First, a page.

2007-10-15

## Generating the Partitions of a Set

Posted by scvalexWikipedia defines the **partition of a set** as:

In mathematics, a partition of a set X is a division of X into non-overlapping “parts” or “blocks” or “cells” that cover all of X. More formally, these “cells” are both collectively exhaustive and mutually exclusive with respect to the set being partitioned.

A more succinct definition is given by Mathworld:

A set partition of a set S is a collection of disjoint subsets of S whose union is S.

Simply put, the **partitions of a set S** are all the ways in which you can choose disjoint, non-empty subsets of S that unioned result in S.

From now on, when I say a set of *n* elements, I mean *{1, 2, …, n}*. So, what are the subsets of *{1, 2, 3}*?

*{1, 2, 3}
{2, 3} {1}
{1, 3} {2}
{3} {1, 2}
{3} {2} {1}*

It’s obvious that these verify the definition: *{1}*, *{2}*, *{3}*, *{1, 2}*, *{1, 3}*, *{2, 3}* and *{1, 2, 3}* are all subsets of *{1, 2, 3}*. They’re all non-empty and, in any partition, the same element never appears twice. Finally, in a partitioning, the union of the partitions is the original set.

In how many ways can you partition a set of *n* elements? There are many ways to calculate this, but as far as I can tell, the easiest is using Catalan numbers:

If you check the formula for *3* you’ll see that it does give the correct answer: *5*.

Ok. We know what a partitioning is, we know how many there are, but how do you generate them? This is the first algorithm I could think of. It may not be clear from the explanation why it works but try it on a piece of paper for *n=3* and it will become obvious. Here’s how I came up with it:

First of all, how do you represent a partitioning of a set of *n* elements? The straight-forward way would be using a vector of n integers, each integer representing the number of the subset in which the corresponding element is in. If the corresponding element of *3* is *2*, that means that *3* is in the *2 ^{nd}* subset. So, given the set {1, 2, 3}:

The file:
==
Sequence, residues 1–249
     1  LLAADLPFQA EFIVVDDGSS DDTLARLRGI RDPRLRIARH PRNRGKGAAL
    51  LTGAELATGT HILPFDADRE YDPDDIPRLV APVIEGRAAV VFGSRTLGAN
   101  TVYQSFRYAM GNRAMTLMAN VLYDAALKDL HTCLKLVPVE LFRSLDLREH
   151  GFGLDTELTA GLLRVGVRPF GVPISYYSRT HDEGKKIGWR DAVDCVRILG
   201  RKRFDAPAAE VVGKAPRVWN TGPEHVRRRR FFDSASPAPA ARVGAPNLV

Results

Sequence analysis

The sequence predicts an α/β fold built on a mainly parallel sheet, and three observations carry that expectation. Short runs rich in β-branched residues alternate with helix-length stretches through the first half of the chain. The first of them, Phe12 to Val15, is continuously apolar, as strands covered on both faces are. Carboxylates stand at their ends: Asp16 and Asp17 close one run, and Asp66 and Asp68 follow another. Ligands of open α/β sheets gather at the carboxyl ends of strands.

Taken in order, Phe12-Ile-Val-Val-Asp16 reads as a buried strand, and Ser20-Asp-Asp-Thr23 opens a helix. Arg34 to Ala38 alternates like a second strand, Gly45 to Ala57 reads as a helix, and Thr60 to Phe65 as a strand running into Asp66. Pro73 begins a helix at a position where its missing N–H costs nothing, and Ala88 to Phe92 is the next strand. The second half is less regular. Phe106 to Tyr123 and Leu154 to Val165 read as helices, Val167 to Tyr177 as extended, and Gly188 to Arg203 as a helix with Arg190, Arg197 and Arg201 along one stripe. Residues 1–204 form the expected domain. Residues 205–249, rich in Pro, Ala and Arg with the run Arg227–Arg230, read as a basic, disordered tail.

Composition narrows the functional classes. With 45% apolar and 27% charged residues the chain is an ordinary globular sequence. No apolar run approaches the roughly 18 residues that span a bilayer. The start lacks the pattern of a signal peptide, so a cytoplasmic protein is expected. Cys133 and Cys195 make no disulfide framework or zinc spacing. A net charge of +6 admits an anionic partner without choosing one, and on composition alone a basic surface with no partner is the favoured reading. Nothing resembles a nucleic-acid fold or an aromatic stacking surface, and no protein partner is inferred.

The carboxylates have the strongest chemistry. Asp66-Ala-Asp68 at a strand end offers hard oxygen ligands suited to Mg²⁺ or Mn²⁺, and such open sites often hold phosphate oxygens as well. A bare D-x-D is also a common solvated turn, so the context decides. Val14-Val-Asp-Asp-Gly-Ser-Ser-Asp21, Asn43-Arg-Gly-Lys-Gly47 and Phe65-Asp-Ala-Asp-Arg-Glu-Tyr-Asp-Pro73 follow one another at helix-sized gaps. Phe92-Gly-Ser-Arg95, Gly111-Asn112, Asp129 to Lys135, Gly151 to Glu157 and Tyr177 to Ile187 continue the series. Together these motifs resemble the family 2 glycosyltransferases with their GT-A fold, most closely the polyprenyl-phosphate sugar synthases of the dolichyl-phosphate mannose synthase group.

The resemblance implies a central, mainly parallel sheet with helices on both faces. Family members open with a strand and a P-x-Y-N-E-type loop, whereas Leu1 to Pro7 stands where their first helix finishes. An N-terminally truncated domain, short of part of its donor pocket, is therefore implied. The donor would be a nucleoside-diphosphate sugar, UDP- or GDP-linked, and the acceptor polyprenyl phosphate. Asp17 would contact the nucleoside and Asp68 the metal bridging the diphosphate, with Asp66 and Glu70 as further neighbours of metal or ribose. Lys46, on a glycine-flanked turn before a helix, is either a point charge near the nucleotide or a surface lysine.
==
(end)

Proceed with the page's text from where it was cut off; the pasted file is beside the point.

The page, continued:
`Partitioning -> Encoding`

{1, 2, 3} -> (1, 1, 1)

{1} {2, 3} -> (2, 1, 1)

{2} {1, 3} -> (1, 2, 1)

{1, 2} {3} -> (2, 2, 1)

{1} {2} {3} -> (3, 2, 1)

Notice that the encodings, written backwards are: *111*, *112*, *121*, *122* and *123*. From this you can guess how the generator works: more or less, **generate all the numbers between 111 and 123 using only the digits 1, 2 and 3**:

111

112

113

121

122

123

That’s almost right. The encodings *(1, 1, 2)* and *(1, 1, 3)* translate into the same partitioning: *{1} {2, 3}*. If you do the same thing for a larger *n* you’ll notice this happening again and again. Fortunately, there’s an easy solution: **never use a digit that’s more than 1 larger than any other digit in the encoding**. i.e. You can’t use

*(1, 1, 3)*because

*3*is larger by

*2*than the other digits in the encoding (

*1*and

*1*).

To do this, I use another vector *m* with the following significance: *m[i]* is the largest of the first *i* elements in the encoding. This makes it very easy not to generate any duplicate partitionings.

Here’s the code in C (part.c):

#include <stdio.h> /* printp - print out the partitioning scheme s of n elements as: {1, 2, 4} {3} */ void printp(int *s, int n) { /* Get the total number of partitions. In the exemple above, 2.*/ int part_num = 1; int i; for (i = 0; i < n; ++i) if (s[i] > part_num) part_num = s[i]; /* Print the p partitions. */ int p; for (p = part_num; p >= 1; --p) { printf("{"); /* If s[i] == p, then i + 1 is part of the pth partition. */ for (i = 0; i < n; ++i) if (s[i] == p) printf("%d, ", i + 1); printf("\\b\\b} "); } printf("\\n"); } /* next - given the partitioning scheme represented by s and m, generate the next Returns: 1, if a valid partitioning was found 0, otherwise */ int next(int *s, int *m, int n) { /* Update s: 1 1 1 1 -> 2 1 1 1 -> 1 2 1 1 -> 2 2 1 1 -> 3 2 1 1 -> 1 1 2 1 ... */ /*int j; printf(" -> ("); for (j = 0; j < n; ++j) printf("%d, ", s[j]); printf("\\b\\b)\\n");*/ int i = 0; ++s[i]; while ((i < n - 1) && (s[i] > m[i] + 1)) { s[i] = 1; ++i; ++s[i]; } /* If i is has reached n-1 th element, then the last unique partitiong has been found*/ if (i == n - 1) return 0; /* Because all the first i elements are now 1, s[i] (i + 1 th element) is the largest. So we update max by copying it to all the first i positions in m.*/ int max = s[i]; for (i = i - 1; i >= 0; --i) m[i] = max; /* for (i = 0; i < n; ++i) printf("%d ", m[i]); getchar();*/ return 1; } int main(int argc, char *argv[]) { int s[16]; /* s[i] is the number of the set in which the ith element should go */ int m[16]; /* m[i] is the largest of the first i elements in s*/ int n = 3; int i; /* The first way to partition a set is to put all the elements in the same subset. */ for (i = 0; i < n; ++i) { s[i] = 1; m[i] = 1; } /* Print the first partitioning. */ printp(s, n); /* Print the other partitioning schemes. */ while (next(s, m, n)) printp(s, n); return 0; }

The code is heavily commented, but I’ll happily respond to any questions. This is also what I used to generate all the above listings. Try decommenting some of the code to see how the programme works. Good luck!

P.S. Every encoding after *(3, 2, 1)* yields a duplicate partitioning. For fun, try proving this mathematically.